I’ve been on holiday for a few weeks; and while I was mostly doing other things, I did get the chance to do some reading. In no particular order:
Is in some ways a lovely, ethereal book. It tells the story of a mysterious, haunting circus with wondrous performers, open only at night; that serves as the setting for two magicians, competing in an enormous challenge.
There are beautiful passages, and it evokes a world that’s entrancing and enchanting. Frustratingly though, there seems to be very little by way of plot to drive the story; at times it feels as though the plot device is just a convenient reason to bring together interesting characters in interesting locales, rather than a driving question in its own right. But it’s an entrancing world the author creates, and it’s a lovely read.
This was the first Gore Vidal I’ve read, and I enjoyed it. It tells the story of a small group of elite, powerful figures at the turn of the twentieth century in the US. But as well as telling the story of a small group of people, it tells the story of a major change in the US – what Vidal thinks of as the transition of the US from a republic to an empire, as the country acquires the Philippines, after the Spanish-American War. As he tells the story of this change through his characters (a Secretary of State, major newspaper proprietors, and a few other figures), the shadow of Lincoln looms large; a man with a different vision for the country (it made me want to read more on him).
Vidal also touches on how media shapes elections, and how party machines and political classes relate to the masses. There’s a limit to how much he can squeeze in (and the absence of any characters that aren’t part of the ruling elite is noticeable); but even as he paints real characters, and tells genuine stories about people (their loves and losses), he gives a sense of a historical tableau against which the action takes place. Populist movements, corruption, newspaper demagoguery – it’s all there.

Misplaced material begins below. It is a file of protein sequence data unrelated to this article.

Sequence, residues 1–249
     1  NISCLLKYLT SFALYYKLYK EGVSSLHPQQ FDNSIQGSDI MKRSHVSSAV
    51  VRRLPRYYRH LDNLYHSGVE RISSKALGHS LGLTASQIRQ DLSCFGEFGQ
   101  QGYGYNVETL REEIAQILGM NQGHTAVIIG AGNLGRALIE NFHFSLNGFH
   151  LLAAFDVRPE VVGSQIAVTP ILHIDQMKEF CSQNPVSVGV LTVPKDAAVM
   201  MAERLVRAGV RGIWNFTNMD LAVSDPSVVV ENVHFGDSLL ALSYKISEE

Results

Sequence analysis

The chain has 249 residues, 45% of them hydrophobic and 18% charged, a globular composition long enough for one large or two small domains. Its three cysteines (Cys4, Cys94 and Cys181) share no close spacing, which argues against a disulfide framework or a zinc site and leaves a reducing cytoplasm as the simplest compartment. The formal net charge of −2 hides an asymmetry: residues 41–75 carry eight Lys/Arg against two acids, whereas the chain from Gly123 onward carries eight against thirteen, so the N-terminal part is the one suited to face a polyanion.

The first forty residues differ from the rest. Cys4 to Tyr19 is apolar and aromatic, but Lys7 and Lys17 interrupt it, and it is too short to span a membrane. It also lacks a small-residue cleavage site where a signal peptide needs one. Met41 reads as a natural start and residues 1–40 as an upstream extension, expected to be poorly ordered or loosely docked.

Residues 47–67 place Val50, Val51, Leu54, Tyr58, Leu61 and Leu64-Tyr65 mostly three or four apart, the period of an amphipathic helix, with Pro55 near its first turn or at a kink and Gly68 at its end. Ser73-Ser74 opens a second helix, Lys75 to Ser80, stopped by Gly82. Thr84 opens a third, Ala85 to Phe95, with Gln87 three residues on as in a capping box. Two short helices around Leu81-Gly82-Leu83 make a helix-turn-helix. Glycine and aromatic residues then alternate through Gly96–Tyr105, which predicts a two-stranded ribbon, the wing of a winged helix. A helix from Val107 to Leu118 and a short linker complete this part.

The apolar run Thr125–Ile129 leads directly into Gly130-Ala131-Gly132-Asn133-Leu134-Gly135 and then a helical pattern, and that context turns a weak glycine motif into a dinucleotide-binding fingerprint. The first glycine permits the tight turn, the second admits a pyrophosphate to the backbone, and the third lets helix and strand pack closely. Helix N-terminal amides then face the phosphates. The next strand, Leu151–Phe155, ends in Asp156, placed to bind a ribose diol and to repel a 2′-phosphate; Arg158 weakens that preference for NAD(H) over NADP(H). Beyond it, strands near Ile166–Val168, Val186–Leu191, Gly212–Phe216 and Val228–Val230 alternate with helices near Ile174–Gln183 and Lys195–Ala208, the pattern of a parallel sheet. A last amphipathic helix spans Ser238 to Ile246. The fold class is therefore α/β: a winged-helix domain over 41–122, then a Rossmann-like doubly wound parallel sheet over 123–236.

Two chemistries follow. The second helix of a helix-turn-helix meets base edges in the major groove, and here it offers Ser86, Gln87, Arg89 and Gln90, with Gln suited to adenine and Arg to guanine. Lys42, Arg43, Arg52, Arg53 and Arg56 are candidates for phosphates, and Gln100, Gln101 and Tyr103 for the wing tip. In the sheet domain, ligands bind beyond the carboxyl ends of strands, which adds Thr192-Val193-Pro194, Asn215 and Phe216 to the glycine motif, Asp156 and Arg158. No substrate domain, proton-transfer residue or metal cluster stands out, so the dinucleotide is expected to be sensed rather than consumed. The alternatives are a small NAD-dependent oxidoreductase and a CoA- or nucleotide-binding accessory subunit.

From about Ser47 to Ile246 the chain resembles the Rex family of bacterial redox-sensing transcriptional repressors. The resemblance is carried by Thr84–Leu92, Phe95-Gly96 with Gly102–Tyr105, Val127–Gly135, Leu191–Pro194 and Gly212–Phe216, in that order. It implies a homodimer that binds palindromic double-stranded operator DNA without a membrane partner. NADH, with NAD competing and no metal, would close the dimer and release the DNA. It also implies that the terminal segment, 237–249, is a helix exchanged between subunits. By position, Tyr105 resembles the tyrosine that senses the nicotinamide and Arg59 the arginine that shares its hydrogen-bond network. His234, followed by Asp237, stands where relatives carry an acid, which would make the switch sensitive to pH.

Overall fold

I don’t have the historical knowledge to judge how well Vidal writes historical fiction, or whether there are major aspects he’s missed. But it’s a well told story, set in a fascinating period.
This is actually the first I’ve read by Gore Vidal, and I quite enjoyed it.
Dan Jones’ book is a chronological account of the kings of England, from Henry II (mid twelfth century) to Henry IV (the start of the fifteenth). The book is very much a ‘great man of history’ narrative; it lists each king, the characters around them, and their rise (and falls). Inevitably, because of that, it misses major trends, and at times it can feel as though the context is quite absent. The Black Death is dealt with in a few pages, and its impact (for example, on labour markets) in a few lines.
Perhaps it’s unavoidable that Jones focuses on the few central characters in such a sweeping narrative on such a broad topic. But at times it can feel almost cursory, more a list of characters and events rather than a real insight into how key events took place. Some of his descriptions of the rise and fall of particular kings seem to depend simply on animal spirits. Maybe the historical material isn’t there, and I recognise there are some things we may never know; but at times the writing can feel a little lazy. After explaining how Richard II the second abruptly assumed more power at the age of II, and made several changes to key positions, Jones writes: ‘This could have been a disaster. But it was not.’
For all that, it’s a good introduction to the topic; and if you like history, it’s not a bad airplane read.
I’ve been disappointed before by Peter Singer, and this book unfortunately only reinforces that. The title is an interesting one, and the questions he asks are important ones. For all that, I wouldn’t recommend this at all; I found it sloppy and disorganised, and it felt at times as though he were rambling.
One of the central problems for me was that Singer barely touches on meta-ethics. Perhaps there’s something I’m missing here; but I think that if you’re having a conversation (or giving advice) on living ethically, there has to be some kind of discussion on what ethics is, or why it applies to people. Why should I, as a reader, care? I think that’s fairly central. Singer flounders around the topic a little, waxing lyrical on why evolution may encourage altruism (more on that below), or the benefits to an individual of being good. Neither of which, to my mind, is a very persuasive argument.
Singer does, in his very final chapters, touch briefly on a slightly more substantive response to the question: